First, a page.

Radio-frequency energy is transmitted to the tip of an ablation catheter from a generator. From the tip it travels to a patch placed behind the back of the patient. It is therefore similar to cautery. The tissue is damaged in a radius of a few millimeters at a temperature of 55 degrees or more. The lesion formation can be stopped immediately by stopping the RF energy.
Almost all Supraventricular Tachycardia (SVT) (those with a narrow QRS) can be ablated with a success rate of more than 98% with hardly any recurrences. This way it is one of the most rewarding therapies available in medical science. Radio – frequency Ablation (RFA) is usually offered as a first line treatment for patients with SVT. This avoids the need for lifelong treatment with drugs. Also a recurrence on drugs may produce more hypotension. Drugs like amiodarone and Sotalol are of course too toxic to be used long term for SVTs. Paroxysmal AF has a short term cure rate of 75% with ablation and can be offered as a first line treatment to prevent disease progression to permanent AF especially in the young symptomatic patient with lone AF.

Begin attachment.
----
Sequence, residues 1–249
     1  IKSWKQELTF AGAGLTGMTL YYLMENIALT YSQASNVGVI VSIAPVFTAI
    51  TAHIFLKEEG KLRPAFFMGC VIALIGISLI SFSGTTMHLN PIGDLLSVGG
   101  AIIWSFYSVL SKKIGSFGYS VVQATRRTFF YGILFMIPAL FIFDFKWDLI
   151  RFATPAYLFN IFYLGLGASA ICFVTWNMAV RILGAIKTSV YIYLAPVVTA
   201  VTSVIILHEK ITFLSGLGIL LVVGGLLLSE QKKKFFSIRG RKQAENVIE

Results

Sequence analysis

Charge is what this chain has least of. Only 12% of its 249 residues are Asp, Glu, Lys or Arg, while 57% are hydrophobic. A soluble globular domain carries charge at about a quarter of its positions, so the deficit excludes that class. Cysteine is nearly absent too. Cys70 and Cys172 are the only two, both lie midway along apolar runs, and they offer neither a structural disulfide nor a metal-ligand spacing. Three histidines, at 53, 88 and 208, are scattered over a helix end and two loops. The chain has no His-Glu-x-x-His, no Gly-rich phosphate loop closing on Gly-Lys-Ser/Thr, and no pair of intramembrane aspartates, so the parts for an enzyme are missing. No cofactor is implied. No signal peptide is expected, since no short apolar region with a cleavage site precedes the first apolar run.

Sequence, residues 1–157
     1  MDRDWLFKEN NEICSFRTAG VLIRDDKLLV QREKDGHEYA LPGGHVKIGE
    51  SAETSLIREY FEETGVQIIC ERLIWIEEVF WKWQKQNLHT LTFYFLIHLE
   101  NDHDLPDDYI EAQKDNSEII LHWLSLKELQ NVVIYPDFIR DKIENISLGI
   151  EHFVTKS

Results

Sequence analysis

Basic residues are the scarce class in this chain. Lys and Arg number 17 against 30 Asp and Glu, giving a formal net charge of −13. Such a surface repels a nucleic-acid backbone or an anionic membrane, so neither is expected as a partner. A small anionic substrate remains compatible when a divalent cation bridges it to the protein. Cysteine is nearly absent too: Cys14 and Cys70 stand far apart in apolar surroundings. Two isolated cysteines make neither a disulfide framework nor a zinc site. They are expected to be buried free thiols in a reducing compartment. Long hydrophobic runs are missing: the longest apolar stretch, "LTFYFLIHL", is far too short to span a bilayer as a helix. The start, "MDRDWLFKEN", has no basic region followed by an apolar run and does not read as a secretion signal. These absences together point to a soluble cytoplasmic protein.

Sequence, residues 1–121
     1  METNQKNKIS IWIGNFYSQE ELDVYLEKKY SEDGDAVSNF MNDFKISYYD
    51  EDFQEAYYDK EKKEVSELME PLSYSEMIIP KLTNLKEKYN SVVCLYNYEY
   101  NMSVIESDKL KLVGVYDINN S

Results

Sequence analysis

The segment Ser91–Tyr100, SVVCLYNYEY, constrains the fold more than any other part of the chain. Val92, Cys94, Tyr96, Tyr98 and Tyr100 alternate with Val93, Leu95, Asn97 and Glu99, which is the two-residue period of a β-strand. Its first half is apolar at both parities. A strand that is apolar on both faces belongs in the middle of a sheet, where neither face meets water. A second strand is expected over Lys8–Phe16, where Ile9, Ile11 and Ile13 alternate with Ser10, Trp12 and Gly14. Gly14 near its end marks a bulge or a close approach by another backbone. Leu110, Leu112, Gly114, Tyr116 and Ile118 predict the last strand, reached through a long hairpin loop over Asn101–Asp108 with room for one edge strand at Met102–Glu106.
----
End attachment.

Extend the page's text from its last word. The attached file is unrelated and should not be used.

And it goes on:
Ventricular Tachycardias (VT) are divided into two groups; those with a normal echocardiogram/ cardiac MRI (Idiopathic VT) & those with structural Heart Disease. VTs in structurally normal hearts can be ablated with results similar to SVTs. The most common are RVOT VTs and LV Fascicular VTs which can be easily recognized on the 12 lead VT ECG.
Shell is created. Scar is detected by areas of low voltage. This allows us to see electrical circuits around areas of scar. An Ablation line is drawn across the circuit to prevent re-entry. Although very effective, new tachycardia circuits can appear later and as VT is life threatening the usual treatment is with an AICD. Ablation is very useful if the VT is monomorphic (indicating a single circuit), to prevent recurrent shocks from the AICD and can be lifesaving in VT storm.
Patients with Left Bundle Branch Block and a QRS width of >150 msec are candidates for Biventricular Pacing, if they have symptomatic LV Dysfunction. During LBBB, the lateral wall of the LV is activated so late that by the time this area starts contracting, the septum is in diastole. Due to the slow conduction systole is prolonged and diastole is reduced. In Cardiac Resynchronization therapy (CRT) a pacing lead is inserted percutaneously into a branch of the Coronary sinus vein which overlies the lateral part of the LV. 70% of patients improve quite dramatically with improvement in EF, symptoms and longevity.